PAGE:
** The Aussie Millions has a serious case of ESPN-itis. I counted the segments for half of a middle episode this year: they showed 5 hands, 6 bleeding chunks (where they flit around the room to show the end of big hands), and 6 non-poker segments. On an hourly basis that's 10, 12, and 12, which is pretty close to ESPN's low water mark: the first episode of the 2007 Main Event had 8 hands, 11 bleeding chunks, and 16 non-poker segments. The non-poker segments here are generally better than ESPN's, however (except for the recurring Down Under Dictionary, which is neither about poker nor the players). I wouldn't mind the occasional capsule bio of a player, but the closest most shows come to that is anecdotal human-interest stories. The flitting, on the other hand, has no redeeming virtue: please just show me more hands at the featured table.
Showing us pictures of players folding preflop, without showing us their hole cards, is ridiculous. Are preflop decisions unimportant? Why do I keep on seeing shows that don't show all the hole cards? That is about as basic an error as one can make when producing a poker show.
Conveying the action is another basic that too many shows don't get right. This show is a mixed bag there: normally I'd say that the lack of onscreen graphics showing the action is unacceptable, but competent play-by-play by Barry Tompkins alleviates much of the problem. He's paired with analyst Michael Konik. Konik has a lot of detractors, but I'm not among them. I think he does a workmanlike, real, and honest job. I wouldn't put him in the top class of analysts, but I'd put him above Nejad and Van Patten, and in about the same league as Mike Sexton. Overall, I think the announcing team is pretty good.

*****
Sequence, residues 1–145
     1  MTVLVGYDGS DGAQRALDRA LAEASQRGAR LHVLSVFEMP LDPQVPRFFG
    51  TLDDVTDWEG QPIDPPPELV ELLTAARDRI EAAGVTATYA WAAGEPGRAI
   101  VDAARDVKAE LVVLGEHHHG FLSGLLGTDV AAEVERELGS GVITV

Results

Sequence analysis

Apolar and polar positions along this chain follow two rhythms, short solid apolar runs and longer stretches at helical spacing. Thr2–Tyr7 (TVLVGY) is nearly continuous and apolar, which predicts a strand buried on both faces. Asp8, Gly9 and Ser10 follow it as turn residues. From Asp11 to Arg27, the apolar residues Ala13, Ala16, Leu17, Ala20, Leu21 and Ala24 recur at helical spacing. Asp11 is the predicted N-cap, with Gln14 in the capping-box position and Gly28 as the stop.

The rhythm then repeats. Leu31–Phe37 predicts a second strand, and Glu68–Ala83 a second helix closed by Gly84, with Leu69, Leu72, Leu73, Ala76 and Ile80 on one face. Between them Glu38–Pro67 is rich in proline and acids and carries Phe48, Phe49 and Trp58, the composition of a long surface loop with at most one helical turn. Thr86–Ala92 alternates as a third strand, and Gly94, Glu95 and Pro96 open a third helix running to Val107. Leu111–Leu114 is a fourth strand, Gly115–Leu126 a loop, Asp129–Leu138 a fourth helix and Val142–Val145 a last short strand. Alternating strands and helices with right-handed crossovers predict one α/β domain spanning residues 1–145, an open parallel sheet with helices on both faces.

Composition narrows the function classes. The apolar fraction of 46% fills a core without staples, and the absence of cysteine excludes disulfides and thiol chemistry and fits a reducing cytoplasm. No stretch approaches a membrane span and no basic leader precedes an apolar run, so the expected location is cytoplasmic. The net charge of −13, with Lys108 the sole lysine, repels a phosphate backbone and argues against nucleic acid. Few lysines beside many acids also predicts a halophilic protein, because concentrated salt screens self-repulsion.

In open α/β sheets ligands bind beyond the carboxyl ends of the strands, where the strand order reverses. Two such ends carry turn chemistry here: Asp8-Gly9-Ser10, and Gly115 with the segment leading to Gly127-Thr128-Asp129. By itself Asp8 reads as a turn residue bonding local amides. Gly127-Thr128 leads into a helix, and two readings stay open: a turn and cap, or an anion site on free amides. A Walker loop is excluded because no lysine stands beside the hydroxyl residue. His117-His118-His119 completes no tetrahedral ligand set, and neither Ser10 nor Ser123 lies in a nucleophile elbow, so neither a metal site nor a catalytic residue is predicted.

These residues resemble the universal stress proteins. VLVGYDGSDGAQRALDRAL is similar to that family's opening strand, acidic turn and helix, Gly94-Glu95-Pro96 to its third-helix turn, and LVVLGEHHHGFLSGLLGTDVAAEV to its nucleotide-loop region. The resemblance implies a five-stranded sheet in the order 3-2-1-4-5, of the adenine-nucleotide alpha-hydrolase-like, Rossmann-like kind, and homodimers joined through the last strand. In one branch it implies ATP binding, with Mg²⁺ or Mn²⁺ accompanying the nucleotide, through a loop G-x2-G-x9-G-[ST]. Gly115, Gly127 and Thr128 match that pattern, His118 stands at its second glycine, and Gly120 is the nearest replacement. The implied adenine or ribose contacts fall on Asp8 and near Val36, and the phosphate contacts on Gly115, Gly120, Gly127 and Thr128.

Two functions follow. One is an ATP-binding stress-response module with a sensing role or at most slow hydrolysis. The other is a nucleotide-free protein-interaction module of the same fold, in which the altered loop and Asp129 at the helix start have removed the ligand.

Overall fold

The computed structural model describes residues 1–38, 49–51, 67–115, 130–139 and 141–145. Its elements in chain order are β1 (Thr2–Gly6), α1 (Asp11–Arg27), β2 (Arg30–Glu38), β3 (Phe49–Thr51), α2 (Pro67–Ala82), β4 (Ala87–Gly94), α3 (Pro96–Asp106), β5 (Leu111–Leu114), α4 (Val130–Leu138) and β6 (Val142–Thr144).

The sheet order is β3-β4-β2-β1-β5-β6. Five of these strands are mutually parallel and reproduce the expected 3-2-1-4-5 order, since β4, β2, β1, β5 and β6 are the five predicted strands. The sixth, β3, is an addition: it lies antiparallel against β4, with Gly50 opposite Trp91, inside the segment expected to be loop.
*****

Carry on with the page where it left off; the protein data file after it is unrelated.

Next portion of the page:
One nice feature of this show is the periodic graphics showing the chip leaders, average stack, and number of players remaining. They need to add the blinds and antes, however, for us to make sense of the chip stack information. Like most shows, the onscreen graphics don't stay up long enough for us to absorb them. Another flaw they have in common with most shows is that they don't show the players' positions.
There are a few oddities about this tournament that I don't like. The featured table is physically removed from the rest of the tournament. They showed one of the players at the featured table asking if the bubble had burst yet, something he would have known if he'd been on the casino floor with the rest of the players. Also, handedness changes twice in this tournament: at 36 players they move to six-handed tables, then they go to eight-handed for the final table.
The main problem with this show is that they don't follow the story of the featured table, instead flitting around the casino to show the ends of big hands or non-poker segments. At least I wasn't bored with this show, however, which puts it above recent shows like the National Heads-Up Poker Championship and the WSOP Europe. I considered ratings in the ** (below average) to *** (average) range for this show. I won't reward a show this badly made with an average rating, however, so it gets **.
See also the review of last year's show.